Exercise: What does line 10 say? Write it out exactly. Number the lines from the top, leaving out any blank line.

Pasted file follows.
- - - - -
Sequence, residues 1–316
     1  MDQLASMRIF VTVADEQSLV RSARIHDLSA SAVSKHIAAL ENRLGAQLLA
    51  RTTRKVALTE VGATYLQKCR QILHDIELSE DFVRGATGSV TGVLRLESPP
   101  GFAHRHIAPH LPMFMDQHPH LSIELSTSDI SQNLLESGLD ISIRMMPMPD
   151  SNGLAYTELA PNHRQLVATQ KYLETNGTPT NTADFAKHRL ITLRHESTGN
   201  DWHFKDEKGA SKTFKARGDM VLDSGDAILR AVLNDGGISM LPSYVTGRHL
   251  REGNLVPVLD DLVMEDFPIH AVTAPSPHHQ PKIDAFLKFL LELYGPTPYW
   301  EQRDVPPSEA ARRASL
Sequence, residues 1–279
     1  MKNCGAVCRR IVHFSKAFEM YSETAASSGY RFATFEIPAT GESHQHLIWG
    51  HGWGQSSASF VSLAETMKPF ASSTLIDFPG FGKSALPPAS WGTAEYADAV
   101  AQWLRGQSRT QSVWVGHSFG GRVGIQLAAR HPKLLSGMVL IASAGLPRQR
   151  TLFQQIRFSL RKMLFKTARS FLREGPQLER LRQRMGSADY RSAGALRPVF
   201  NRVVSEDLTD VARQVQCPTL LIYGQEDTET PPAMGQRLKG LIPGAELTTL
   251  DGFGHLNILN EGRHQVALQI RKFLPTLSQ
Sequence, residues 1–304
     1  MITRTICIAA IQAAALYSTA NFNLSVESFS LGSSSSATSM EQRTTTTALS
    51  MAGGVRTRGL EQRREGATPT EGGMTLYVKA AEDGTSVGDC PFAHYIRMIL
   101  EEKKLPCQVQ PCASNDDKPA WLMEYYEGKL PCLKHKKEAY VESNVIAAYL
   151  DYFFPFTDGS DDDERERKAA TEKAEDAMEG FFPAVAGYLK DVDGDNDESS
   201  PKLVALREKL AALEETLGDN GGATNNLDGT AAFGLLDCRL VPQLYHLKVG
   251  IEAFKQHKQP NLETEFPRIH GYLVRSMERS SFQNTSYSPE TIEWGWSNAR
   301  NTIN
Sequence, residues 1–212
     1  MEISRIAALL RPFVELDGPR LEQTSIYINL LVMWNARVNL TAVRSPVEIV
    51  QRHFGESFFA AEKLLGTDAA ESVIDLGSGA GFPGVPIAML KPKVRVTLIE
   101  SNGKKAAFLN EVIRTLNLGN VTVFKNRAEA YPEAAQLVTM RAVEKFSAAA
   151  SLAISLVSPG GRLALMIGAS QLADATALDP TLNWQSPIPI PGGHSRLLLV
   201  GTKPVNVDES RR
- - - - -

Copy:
     1  MKNCGAVCRR IVHFSKAFEM YSETAASSGY RFATFEIPAT GESHQHLIWG